This is my favourite Banksy mouse. I relate to it the most. One year I gave Simon a birthday card with this on it. I think he appreciated the humour/relevance (I gleaned as much from his smirk). Tonight we went to see Exit Through the Gift Shop at the programme launch of this year’s Wellington International Film Festival. I think I need to go and see it again. It’s doing my head in a bit. But in a good way. Banksy vs. Mr Brainwash/MBW. The whole artful artifice of the thing gets more complicated the more I try to unravel it. (But that’s a stupid thing to say. Anything gets more complicated the more you unravel it.)

Thierry Guetta is a beguiling mental carcrash of a character (and I use the word character advisedly and in its widest sense).

Obsessed with filming everything and doing absolutely nothing with the resulting boxes and boxes of video tapes, he says something about “the capturation” being the only thing that matters. The process of doing it. Not the thing the doing becomes. The tapes themselves are irrelevant. Like dust-gathering pages of an unfinished manuscript, perhaps. It was interesting, anyway. It made me think how I’m more at home just doing the making. Not the ghastly editing/post-production and splicing together part.

It also made me think of a conversation I had with someone last week who I hadn’t caught up with in ages. He said something about his tendency to look at everything in terms of outcomes, to want things finished, complete, wrapped up. He couldn’t just enjoy the doing for what it was, in the moment, irrespective of where and how it might end up. That whole thing about life being about the journey rather than the destination.

But would we undertake any journey without the promise of a destination? What if someone said: Off you go, then, but you’re actually not going anywhere. Take in the birdsong and the stars and morning dew, but just remember you’ll never end up anywhere other than right where you are. That would be quite an undesirable situation, to me at least.

What if you just wrote and wrote and wrote with no consideration whatsoever for the final form the writing might take. That’s just weird. But worth thinking about. To just focus on capturation for capturation’s sake, and leave the rest in the hands of a hopefully benevolent universe. There might be something in that.

kindness-crisis-kindness-crisis (dc al capo)

This is my new Indian printing block. It was supposed to be a reward I worked towards, for achieving something very specific, but it didn’t really work out like that. What I mean by that is I didn’t achieve this particular thing — in fact I achieved the exact opposite — but I got the printing block anyway. (I didn’t even have to stick my bottom lip out very far.)

Kind of like when I was in the E netball team (the very bottom of the sporting barrel) at intermediate and Tones said he’d take the whole team out for McDonalds if we won a game. Just one game. The season drew to a close and we’d suffered nothing but humiliating, bumbling, pleated-skirted/pasty-legged defeat. Tones took us all to McDonalds anyway, the whole butter-fingered, clutz-filled team of us. It’s a long time ago now, but we probably accepted our Happy Meals with a certain embarrassed grace, slumped wordlessly over our plastic trays, relieved we’d finally been put out to pasture until the next season.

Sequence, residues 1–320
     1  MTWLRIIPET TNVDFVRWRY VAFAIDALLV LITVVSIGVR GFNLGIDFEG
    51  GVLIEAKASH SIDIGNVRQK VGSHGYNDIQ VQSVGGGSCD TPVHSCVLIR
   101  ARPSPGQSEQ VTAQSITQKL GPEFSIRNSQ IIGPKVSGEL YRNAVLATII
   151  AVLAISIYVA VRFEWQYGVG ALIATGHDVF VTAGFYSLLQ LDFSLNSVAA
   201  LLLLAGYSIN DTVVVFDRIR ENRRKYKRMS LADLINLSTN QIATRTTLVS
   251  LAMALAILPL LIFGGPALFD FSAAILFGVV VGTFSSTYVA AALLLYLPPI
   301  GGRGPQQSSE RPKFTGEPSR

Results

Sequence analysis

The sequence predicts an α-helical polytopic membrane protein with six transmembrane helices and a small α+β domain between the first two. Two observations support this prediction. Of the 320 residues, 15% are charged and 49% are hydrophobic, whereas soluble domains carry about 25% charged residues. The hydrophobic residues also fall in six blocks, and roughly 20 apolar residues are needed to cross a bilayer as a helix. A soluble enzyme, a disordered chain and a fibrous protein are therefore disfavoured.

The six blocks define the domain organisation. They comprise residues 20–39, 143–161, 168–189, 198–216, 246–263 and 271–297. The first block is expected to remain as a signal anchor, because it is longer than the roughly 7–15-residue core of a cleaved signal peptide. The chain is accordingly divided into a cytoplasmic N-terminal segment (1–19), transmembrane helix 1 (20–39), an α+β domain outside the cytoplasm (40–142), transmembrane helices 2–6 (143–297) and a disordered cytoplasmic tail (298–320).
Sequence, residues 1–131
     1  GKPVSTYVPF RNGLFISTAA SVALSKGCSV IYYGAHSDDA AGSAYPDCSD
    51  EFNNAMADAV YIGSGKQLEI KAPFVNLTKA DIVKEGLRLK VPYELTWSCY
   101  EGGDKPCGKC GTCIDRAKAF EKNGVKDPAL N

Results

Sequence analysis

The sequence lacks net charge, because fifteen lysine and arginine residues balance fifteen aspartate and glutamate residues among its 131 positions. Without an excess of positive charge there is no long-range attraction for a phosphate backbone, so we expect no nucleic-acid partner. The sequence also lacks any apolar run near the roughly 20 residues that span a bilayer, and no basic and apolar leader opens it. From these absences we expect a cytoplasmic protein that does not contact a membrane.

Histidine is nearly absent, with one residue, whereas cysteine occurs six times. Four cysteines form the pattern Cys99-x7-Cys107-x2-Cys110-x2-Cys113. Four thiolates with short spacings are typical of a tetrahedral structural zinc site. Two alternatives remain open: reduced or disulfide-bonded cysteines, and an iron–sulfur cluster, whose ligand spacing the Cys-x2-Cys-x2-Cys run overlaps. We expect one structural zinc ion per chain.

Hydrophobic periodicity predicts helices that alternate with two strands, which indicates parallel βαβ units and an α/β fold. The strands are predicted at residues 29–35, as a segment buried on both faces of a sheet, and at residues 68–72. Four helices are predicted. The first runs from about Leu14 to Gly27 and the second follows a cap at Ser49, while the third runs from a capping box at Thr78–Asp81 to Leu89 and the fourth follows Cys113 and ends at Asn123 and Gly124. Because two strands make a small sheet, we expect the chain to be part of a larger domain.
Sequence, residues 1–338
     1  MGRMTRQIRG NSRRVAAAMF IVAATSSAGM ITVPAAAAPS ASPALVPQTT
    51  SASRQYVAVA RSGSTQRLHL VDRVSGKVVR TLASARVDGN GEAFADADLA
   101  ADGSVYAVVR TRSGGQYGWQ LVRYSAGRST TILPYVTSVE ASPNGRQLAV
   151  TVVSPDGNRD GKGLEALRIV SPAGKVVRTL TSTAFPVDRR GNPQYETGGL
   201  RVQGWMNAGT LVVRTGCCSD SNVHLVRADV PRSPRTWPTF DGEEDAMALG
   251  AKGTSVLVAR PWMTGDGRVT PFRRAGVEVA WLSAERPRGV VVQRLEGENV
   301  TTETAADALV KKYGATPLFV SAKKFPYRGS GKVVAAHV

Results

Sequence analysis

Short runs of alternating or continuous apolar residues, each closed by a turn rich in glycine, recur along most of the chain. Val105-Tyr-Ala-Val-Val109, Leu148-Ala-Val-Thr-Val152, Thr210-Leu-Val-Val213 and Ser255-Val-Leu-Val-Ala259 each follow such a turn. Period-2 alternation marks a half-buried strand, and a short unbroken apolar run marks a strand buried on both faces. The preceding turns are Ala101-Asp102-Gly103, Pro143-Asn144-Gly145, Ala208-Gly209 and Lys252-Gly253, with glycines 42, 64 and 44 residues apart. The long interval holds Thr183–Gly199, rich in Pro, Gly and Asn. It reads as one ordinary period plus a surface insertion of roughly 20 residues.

I hated Saturday morning netball with more violent emotion than I could ever possibly convey here. But I turned up, all clutz and goosebumped bluster. Sort of a metaphor for life (although I’m far more fond of life than I am of netball). Because there was nothing else for it. It’s not like you have the option of boycotting at the age of 11. (Or if I did, I was far too sweet and unstaunch to even consider it.)

Anyway. That’s totally beyond the point. But while we’re beyond the point… Sometimes I get random emails from people at work saying things like do you want to join our social netball team? Or even who’s up for a run at lunchtime? At first I sent replies back saying things like get fucked; do you even know who I am? and I would rather cut my legs off at the knees than join your team/run up Mt Vic and then haul my sorry ass into an afternoon meeting and have to make like I don’t need urgent medical attention. Now I just hit delete. I figure my silence speaks volumes.

For a while I thought I might be good at pub quizzes, given my sporting deficiencies. It turns out I’m not good at those either (unless the topic is something like 21st Century Art in NZ, which it pretty much never is). But at least I am slightly canny where pub quizzes are concerned and know how to gather an infallible team of subject matter experts around me so I can still pretend to kick ass.

But back to Indian printing blocks. I returned home, tipped as much ink as I could find into Tupperware, got some stamping action happening, and came up with this:

It’s a bit of a fail. I think I might need to download an Indian stamp manual.

It has been a funny weekend. Funny good and funny unexpected. In a way. I thought a lot about kindness, and how you have to be in the right frame of mind to give and receive it. Or even just to notice it. Or to notice anything. Like the earnest young checkout boy at the supermarket who engages you in a lengthy conversation about Dorritos and then tells you to enjoy your day with more feeling than you have mustered for anything – big or small – lately.